So that was a little part of the Baker trip, a dense experience if there was one, and far more in 22 hours than you would maybe think could be. But stories for a different day, memories for another night.

xoxo, Lauren

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Bare Bones

Elk Lake

On Saturday morning, I found myself laying in bed, drifting in and out of consciousness and listening intently for footsteps upstairs. Because, you see, Rachelle's room is right above mine, and if she was walking around, it would mean that it was definitely time for me to get up. That's a difficult reality to face when it's 7 a.m. on a Saturday and you went to Putter's* three (separate) times the night before, but that's neither here nor there. Somehow, with a strength I think should be awarded some kind of medal, I got up, packed and into a car headed for Bend, OR.

The drive highlights included, but weren't limited to: a stop in Sandy, OR for Joe's Donuts--the donuts were delicious, the rancid milk Rachelle drank was not. We found lactose free yogurt in a questionable gas station in Warm Springs, which didn't make sense until we remembered that our people on the rez weren't good with lactose either--I finally connected some dots between my own miserable GI tract and my heritage, so that was positive. Then I slept the rest of the way to Bend, without any shame whatsoever.

Once we got into town we sped right on up into the Cascades, found the most desolate lake possible, and claimed a piece of it as our own. Elk Lake was stark and grey when we arrived, all smoke and mirrors. We thought maybe you could see Bachelor in the summer from where we were, but we quickly realized that fall was certainly upon us. This was reinforced later when we met my Muckle Matt in downtown Bend and told him that we were camping in the Cascades. He asked if we were on drugs, because it'll snow up there tonight no question. My Aunt Lynn came to our rescue, saying that was the kind of thing they would've done too at our age, for sure. So naturally we shrugged all warnings off and plunged ahead into the dark, cold night up at Elk Lake.

A sidenote, before I outline the perils of that journey: I'm discovering more and more how  enjoyable my family is. Now that my sister and I are semi-adults (she may be full adult, I may be less than, so semi cuts it pretty close to the truth) we can engage in real conversation with my Aunts and Uncles. It's great, I love it. It's like a whole new set of friends, who are cool and wise, with great stories. It's sort of bewildering, because it's an odd combination of feeling like I'm trying to impress people who have no choice but to care about me, but also security because, well, they have no choice but to care about me. My Uncle Matt and Aunt Lynn are a lot of fun, and we had a great time with them.

When we drove back up to Elk Lake after a stint at Oktoberfest, which felt surprisingly authentic and included a lot of collective Ya-ing to the beat of an authentic oom-pah band, we encountered a sort of fog clinging to the road that was terrifying for someone with an imagination like mine. Which is to say, the rest of the night all I could think about was how there may or may not be a skeleton army in the woods. Why would I think that, you might ask. I have no good answer, but if you could think of anything more horrible than having to fight a skeleton in the dark, tell me what it would be. But first, consider this: the battle sounds would be bone on bone all the time, and if there is anything more horrible than bone on bone sounds, I never want to know. But all in all it wasn't that bad of a night, we really were plenty warm and we knew that even if we weren't, it was going to make a great story. In some ways, we were almost crossing our fingers for snow the next morning!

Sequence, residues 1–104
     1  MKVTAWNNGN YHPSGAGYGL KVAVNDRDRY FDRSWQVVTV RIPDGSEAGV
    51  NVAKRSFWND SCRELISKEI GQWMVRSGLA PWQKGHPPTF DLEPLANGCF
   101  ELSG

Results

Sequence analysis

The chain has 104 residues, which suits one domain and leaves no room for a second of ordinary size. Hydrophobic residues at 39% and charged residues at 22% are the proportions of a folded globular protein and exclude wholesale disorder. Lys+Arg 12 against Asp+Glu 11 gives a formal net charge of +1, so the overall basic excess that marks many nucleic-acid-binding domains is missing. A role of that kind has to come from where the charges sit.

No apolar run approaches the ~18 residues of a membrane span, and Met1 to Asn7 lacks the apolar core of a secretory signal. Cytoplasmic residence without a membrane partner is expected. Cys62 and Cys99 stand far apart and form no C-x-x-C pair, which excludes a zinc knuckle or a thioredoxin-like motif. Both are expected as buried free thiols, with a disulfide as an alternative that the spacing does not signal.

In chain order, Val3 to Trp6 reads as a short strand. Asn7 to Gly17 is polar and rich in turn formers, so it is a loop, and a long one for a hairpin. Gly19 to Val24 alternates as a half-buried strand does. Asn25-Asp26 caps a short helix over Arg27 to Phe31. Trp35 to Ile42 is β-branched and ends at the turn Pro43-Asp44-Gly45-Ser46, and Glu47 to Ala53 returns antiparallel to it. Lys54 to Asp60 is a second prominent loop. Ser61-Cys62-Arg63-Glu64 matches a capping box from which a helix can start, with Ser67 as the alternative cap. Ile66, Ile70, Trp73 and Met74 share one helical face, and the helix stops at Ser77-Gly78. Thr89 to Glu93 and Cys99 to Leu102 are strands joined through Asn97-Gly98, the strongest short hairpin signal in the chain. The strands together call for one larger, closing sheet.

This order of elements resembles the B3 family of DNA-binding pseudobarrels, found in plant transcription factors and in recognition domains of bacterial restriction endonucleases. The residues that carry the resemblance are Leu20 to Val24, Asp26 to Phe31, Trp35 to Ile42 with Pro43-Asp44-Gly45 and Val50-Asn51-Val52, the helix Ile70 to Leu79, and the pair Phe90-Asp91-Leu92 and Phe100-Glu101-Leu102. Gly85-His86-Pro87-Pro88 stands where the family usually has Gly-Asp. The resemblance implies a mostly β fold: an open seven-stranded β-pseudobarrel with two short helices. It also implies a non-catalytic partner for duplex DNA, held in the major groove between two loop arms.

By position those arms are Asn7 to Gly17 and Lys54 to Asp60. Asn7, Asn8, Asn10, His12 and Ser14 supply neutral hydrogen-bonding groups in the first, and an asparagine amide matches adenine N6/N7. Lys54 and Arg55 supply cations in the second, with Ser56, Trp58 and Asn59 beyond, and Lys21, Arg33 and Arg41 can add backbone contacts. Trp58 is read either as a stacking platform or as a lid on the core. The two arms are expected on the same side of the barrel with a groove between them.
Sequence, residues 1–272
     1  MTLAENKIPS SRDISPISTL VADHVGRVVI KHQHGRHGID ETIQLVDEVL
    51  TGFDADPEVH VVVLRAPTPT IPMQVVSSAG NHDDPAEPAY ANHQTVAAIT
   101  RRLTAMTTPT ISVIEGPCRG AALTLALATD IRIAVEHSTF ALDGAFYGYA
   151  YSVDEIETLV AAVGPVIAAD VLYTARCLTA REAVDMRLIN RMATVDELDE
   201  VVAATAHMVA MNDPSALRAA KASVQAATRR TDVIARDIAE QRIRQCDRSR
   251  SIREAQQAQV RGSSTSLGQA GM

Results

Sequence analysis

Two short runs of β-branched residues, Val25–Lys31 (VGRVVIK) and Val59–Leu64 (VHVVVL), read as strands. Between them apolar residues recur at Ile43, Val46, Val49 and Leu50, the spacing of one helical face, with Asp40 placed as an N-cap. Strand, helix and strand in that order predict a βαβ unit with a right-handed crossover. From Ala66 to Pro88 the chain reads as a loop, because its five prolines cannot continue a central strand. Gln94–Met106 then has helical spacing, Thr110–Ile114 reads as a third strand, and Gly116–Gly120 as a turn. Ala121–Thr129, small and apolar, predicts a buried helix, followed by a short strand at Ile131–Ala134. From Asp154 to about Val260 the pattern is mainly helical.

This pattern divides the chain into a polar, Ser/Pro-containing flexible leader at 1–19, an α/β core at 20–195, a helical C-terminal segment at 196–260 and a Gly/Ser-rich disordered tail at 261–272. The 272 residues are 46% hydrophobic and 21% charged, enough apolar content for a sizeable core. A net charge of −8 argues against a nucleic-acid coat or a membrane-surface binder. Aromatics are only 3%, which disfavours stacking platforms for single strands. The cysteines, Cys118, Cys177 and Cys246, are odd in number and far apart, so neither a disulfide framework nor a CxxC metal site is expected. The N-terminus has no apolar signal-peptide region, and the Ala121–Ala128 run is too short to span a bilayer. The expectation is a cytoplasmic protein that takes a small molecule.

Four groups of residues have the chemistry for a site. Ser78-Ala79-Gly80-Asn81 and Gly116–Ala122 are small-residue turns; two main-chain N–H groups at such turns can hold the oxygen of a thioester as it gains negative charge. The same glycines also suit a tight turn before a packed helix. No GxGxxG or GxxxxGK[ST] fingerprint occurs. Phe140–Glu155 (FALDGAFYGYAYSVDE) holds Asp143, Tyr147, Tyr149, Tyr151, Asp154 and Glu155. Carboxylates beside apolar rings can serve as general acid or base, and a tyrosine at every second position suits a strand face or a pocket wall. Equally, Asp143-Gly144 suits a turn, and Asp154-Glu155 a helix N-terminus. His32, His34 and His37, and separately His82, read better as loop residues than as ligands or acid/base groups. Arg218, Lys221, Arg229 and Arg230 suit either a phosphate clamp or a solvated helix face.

I was thinking later about the perverseness of that, of half hoping for the worst, because Ben was running a half marathon in some pretty brutal conditions. Rachelle and I stood huddled by a ski lift as snow flurried around the start line and nearly 120 people gathered to do this race, and I thought, these people are crazy. They ran through a blizzard on the top of Mount Bachelor! But later, when Ben said that it was definitevely the hardest race of his life but how happy he was that he did it, it hit me. I think, in a lot of ways, we're all living for the story we'll tell later--about the coldest night we ever spent, about the time we blitzed from Portland to Bend and back in 36 hours, ran into an Oktoberfest, slept in the rain on a deserted lake, and watched Ben run the hardest race of his life. If experiences are what define you, force you to grow, then we're all in the business of getting as much out of our experiences as we can. And sometimes that means doing things that seem a little crazy from the outside, but really are just a chance to stretch outside the norm, bring home a tale to tell and chalk it up to experience.

I've been making a real effort to do this lately, because it's keeping my mind busy and my heart full. I'm finding that I am best when doing, at my sharpest and clearest when I've gone and tried something new. The will to explore and travel and go beyond where we've gone before, that's something to nurture. Within limits, of course. I mean I'm taking trips to Bend. I had a friend that I went to Senegal with move to Antarctica a couple weeks ago. I said au revoir, mon ami, have a great time--I probably won't visit. We can only do so much, right?

xoxo, Lauren

*Putter's is rapidly becoming my new favorite watering hole. Everyone said don't go in, so naturally I was inexplicably drawn to it. What can I say? Nothing can be as good/bad as the Boot, so I think I'll be fine.